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Man With Persistent Runny Nose Learns He Had Leaking Brain Fluid

A man in North Carolina who had a constant runny nose for years ultimately learned it was because of a brain fluid leak.

Greg Phillpotts told local ABC 11 this week that for five years, he believed his continuous runny nose was caused by allergies. But a doctor at Mount Sinai Hospital in New York says it was instead a result of a cerebrospinal fluid leak, the news station reports.

The Centers for Disease Control and Prevention describes the condition as an “escape of the fluid that surrounds the brain and spinal cord.”

The leak of the clear fluid occurs when there is a tear or hole in the membranes surrounding the brain or spinal cord, according to Cedars-Sinai Medical Center.

Phillpotts told ABC 11 that his severe runny nose would happen “anywhere.”

“You could be anywhere; you could be on the airplane ― you could be anywhere ― you talk to somebody and this thing just drains right out of your face.”

Other doctors had reportedly diagnosed Phillpotts with pneumonia and bronchitis. He went to New York to see Dr. Alfred Iloreta at Mount Sinai after a bad coughing episode in February, ABC 11 reported. 

HuffPost has reached out to Mount Sinai for comment. 

“Sometimes when you have this leakage of fluid from the brain, it can evolve into what we call an ascending infection,” Iloreta told ABC 11, according to a video. “So infection can transmit, or bacteria can transmit, from the nose into the brain, resulting in meningitis.”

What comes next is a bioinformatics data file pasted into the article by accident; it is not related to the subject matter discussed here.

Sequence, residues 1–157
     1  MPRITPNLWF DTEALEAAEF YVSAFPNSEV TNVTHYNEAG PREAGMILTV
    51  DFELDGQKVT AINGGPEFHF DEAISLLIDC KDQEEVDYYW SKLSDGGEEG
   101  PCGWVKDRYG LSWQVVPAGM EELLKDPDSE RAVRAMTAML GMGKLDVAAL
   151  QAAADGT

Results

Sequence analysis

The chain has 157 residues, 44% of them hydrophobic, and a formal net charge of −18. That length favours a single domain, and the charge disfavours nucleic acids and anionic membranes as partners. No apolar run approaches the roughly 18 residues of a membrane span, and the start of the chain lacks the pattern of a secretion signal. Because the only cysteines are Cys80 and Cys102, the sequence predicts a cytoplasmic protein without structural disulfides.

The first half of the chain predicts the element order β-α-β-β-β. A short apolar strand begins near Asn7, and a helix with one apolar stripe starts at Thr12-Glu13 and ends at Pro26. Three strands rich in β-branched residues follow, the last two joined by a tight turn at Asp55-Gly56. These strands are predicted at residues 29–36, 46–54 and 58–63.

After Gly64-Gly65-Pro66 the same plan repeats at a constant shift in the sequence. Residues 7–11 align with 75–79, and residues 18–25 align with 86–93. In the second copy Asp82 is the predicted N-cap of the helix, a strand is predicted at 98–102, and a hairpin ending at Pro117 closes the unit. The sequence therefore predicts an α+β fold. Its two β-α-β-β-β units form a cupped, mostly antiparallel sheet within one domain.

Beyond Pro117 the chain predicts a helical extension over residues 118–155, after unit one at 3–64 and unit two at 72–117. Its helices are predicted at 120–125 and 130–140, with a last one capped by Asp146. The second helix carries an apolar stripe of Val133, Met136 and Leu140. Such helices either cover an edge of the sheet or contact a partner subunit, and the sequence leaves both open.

The Cedars-Sinai Medical Center says that while many CSF leaks heal on their own, patients with symptoms of a CSF leak should seek medical attention due to the increased risk of meningitis, a bacterial or viral infection of the fluid surrounding the brain and spinal cord. 

CSF leaks affect at least 5 in 100,000 people every year, according to the CSF Leak Association. 

Earlier this year, Kendra Jackson of Omaha, Nebraska, similarly learned she had a CSF leak after years of dealing with headaches and a constant runny nose, among other symptoms. 

Both Jackson and Phillpotts underwent surgery to fix the problem.

“You ever been, like, so congested you can’t breathe, and all of a sudden you can breathe again?” Phillpotts said of his procedure, according to ABC 11. “You know what a relief that was?”

Surgery to address a CSF leak often entails using tissue from another area of the patient’s body to close the hole in the skull base, according to the Cleveland Clinic. 

The medical center also notes that leaks can occur spontaneously, or they can be related to a head injury, tumors or surgery. 

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